10/24/2015 | 2:20:50 PM
Raspberry SQL Server Capability
Could I set up a SQL server like MySql that I could use as an MS Access backend?
batye
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batye,
User Rank: Ninja
3/2/2015 | 9:33:47 PM
Re: Excited
@Technocrati, yes I could not agree more... as in my mind my B is like back up if I ever need it to use... in case all of my pc's died :) all at once... lol lol lol
Technocrati
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Technocrati,
User Rank: Ninja
3/2/2015 | 7:52:41 PM
Re: Excited

@batye   No doubt.    Truth be told I have not even remotely used the power that the B has yet - but I anticipate I will eventually want another one, so at $35 you can't beat that.

I really envision using them as nodes on my home network for starters but the powering of them seems to leave some room for improvement.  But you have to keep it in perspective. 

Can't have everything, at least not for $35 bucks.

batye
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batye,
User Rank: Ninja
3/2/2015 | 12:32:31 AM
Re: Excited
@Technocrati, I could not agree more interesting, myself I'm still using Rapberry Pi B and not ready to upgrade yet to the new Pi2... but to each his own...
Technocrati
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50%
Technocrati,
User Rank: Ninja
2/19/2015 | 10:50:57 AM
Re: Excited
@Curtis   Interesting.    Underwater drones and Intelligent buildings. That is the great thing about it - with the small foot print the possibilities are endless.

And I am with you Curtis, let's move forward with the possibilities of Technology and hope the majority of us will do the "right things" with it.
Curt Franklin
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Curt Franklin,
User Rank: Strategist
2/19/2015 | 10:40:34 AM
Re: Excited
@Technocrati, I've worked in and around heavy industry just enough to think about problems with sticking people into dangerous situations. But there are many more much less hazardous situations that will benefit from embedded intelligence.

At CES, for example, I saw a great underwater drone. When I think about the possibilities of getting low-cost, long-duration views of what's going on inside our rivers, lakes, and estuaries, it just thrills me no end. I also think we're on the verge of finally seeing some of the benefits of intelligent buildings that we've been talking about for years.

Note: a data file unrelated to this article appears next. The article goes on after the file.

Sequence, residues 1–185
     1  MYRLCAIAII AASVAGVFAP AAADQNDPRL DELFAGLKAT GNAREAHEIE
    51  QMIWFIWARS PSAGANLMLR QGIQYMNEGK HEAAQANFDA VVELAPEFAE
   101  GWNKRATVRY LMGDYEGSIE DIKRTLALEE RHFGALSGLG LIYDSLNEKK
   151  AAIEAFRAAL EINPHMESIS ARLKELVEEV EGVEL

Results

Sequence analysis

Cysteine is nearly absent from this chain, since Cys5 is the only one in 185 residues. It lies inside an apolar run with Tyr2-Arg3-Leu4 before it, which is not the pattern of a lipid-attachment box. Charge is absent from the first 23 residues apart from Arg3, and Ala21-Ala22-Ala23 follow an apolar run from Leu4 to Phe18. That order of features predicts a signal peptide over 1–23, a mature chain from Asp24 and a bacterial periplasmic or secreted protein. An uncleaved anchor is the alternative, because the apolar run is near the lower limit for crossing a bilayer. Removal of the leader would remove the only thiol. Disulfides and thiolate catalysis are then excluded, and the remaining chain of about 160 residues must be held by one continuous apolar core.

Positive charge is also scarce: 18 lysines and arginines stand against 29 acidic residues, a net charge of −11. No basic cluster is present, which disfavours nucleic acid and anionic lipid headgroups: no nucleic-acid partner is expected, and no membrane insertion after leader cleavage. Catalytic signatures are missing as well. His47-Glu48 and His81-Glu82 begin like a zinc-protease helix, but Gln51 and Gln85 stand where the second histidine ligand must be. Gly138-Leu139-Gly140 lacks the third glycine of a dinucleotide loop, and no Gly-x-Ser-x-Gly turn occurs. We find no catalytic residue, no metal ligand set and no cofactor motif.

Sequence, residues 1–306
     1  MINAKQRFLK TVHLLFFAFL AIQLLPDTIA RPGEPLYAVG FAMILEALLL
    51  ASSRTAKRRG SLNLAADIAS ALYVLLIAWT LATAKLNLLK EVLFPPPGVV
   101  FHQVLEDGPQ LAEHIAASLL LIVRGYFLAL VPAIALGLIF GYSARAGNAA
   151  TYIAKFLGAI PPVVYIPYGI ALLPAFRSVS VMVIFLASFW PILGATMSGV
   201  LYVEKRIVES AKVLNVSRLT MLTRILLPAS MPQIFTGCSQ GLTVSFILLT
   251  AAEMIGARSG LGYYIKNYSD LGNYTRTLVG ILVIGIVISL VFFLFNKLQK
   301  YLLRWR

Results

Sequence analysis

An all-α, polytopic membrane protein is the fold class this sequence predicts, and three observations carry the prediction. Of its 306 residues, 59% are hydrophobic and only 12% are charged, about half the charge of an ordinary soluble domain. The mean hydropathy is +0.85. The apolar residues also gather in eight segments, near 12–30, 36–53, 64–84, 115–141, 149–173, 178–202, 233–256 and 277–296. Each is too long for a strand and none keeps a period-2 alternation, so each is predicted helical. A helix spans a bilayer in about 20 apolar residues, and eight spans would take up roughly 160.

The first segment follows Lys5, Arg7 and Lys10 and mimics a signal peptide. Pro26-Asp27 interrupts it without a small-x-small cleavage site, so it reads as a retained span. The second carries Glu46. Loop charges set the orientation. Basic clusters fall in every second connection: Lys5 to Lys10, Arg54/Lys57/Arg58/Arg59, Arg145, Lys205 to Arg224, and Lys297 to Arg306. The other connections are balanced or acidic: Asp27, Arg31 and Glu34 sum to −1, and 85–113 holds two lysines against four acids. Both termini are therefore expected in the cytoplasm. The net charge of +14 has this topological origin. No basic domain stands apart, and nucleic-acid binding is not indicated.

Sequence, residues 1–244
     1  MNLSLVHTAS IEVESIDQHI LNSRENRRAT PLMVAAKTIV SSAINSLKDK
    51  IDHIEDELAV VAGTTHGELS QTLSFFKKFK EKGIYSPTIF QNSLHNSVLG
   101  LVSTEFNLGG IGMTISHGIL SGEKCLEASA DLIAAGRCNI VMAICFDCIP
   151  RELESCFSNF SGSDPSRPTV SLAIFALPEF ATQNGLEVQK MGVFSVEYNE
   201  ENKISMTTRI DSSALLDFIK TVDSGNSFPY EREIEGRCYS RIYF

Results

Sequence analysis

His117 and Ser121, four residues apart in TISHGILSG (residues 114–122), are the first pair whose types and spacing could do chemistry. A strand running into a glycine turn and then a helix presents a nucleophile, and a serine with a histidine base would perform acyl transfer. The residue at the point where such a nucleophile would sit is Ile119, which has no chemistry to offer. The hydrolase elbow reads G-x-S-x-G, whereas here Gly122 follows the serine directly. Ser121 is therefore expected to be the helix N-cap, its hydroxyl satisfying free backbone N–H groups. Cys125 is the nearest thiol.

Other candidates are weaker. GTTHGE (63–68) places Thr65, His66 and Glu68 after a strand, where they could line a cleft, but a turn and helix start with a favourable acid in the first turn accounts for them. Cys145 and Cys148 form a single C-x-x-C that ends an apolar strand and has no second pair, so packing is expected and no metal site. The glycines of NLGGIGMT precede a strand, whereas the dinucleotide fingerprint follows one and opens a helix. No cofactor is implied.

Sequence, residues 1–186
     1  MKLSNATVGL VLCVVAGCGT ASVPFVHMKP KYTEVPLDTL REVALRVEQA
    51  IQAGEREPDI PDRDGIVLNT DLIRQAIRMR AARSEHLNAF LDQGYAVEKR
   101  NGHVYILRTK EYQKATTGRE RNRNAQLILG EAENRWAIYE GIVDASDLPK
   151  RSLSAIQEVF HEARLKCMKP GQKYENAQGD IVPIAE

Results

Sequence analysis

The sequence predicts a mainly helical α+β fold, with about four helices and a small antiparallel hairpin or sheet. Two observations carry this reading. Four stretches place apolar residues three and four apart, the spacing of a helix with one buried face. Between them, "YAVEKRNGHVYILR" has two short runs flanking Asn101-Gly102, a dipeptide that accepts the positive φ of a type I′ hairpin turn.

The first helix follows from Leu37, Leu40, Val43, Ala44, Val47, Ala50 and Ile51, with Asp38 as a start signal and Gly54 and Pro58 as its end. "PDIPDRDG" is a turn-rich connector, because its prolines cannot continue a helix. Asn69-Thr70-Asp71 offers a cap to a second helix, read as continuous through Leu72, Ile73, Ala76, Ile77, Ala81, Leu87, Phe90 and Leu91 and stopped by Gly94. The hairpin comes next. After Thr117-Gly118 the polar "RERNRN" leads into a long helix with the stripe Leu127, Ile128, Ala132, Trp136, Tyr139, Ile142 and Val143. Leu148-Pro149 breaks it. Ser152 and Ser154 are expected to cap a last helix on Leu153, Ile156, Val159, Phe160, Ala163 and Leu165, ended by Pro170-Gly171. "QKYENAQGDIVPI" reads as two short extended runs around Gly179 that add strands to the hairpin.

And I'm enough of an optimist to think that we're going to see some really interesting ways for people to interact with one another -- including ways to help make face-to-face interaction richer and easier -- so that some of the "digital loneliness" will start to go away.

I know that there are downsides to some of the digital applications but I'm silly enough to think that the positives are going to outweigh the negatives by a fair margin.
Technocrati
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Technocrati,
User Rank: Ninja
2/19/2015 | 10:15:30 AM
Re: Excited
@ Curtis   Oh Yeah the FCC.  : )    But seriously yours is a great use of it, I hadn't really let the possibilities sink in yet.  But you are right, the generations to come will find all sorts of inventive ways to use this computing power - that I assume will only get better and better.

Using it for data collection in dangerous areas is really something to seriously consider.   I think I recently heard there is some place in Russia is so contaimenated with nuclear waste that no human could survive going there.   This would be a much better form of collection then sending a human in with protective suits.
Curt Franklin
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Curt Franklin,
User Rank: Strategist
2/19/2015 | 9:54:42 AM
Re: Excited
@Technocrati, I love the idea of being able to pilot my drone from the comfort of my office (especially on a day like today), but the FCC has some other ideas <grin>.

What really excites me, though, is the idea of doing advanced instrumentation and data gathering from a drone platform. When I think about the data that could be obtained in various micro-climates, or in areas too dangerous for human environmental sampling (say, around hazardous waste spills or from the middle of large red tide blooms), it gives me some hope for being able to better understand the world around us.

People more creative than me (including young people who haven't yet been taught about all the things that "aren't possible") are going to do some wonderful things with a combination of intelligent platforms and remotely operated vehicles. I can hardly wait to see what sort of applications they come up with!
Technocrati
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Technocrati,
User Rank: Ninja
2/19/2015 | 9:48:09 AM
Re: Excited
@Curtis     I am not really sure what I am going to do with it.  I was thinking I could use it an inexpensive way to have a linux based test server.  Wanted to test scripts on it - configure a web server perhaps.

But I think if I were to try to use it as another way, I would probably try to do something easy like stream video or something.   But still thinking about the possibilities.

Drones sound like a great use for it - interesing to think you could probably pilot one without even going outside.
Curt Franklin
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50%
Curt Franklin,
User Rank: Strategist
2/17/2015 | 11:38:53 PM
Re: Raspberry Pi 2: Six Things You Can (And Can't) Do
@Brian.Dean, I think it's fun to imagine what an imaginative high-school student (or science club) could do with a RasPi supercomputer. I have to believe that we're going to see some truly amazing things coming out of science fairs in the next few years!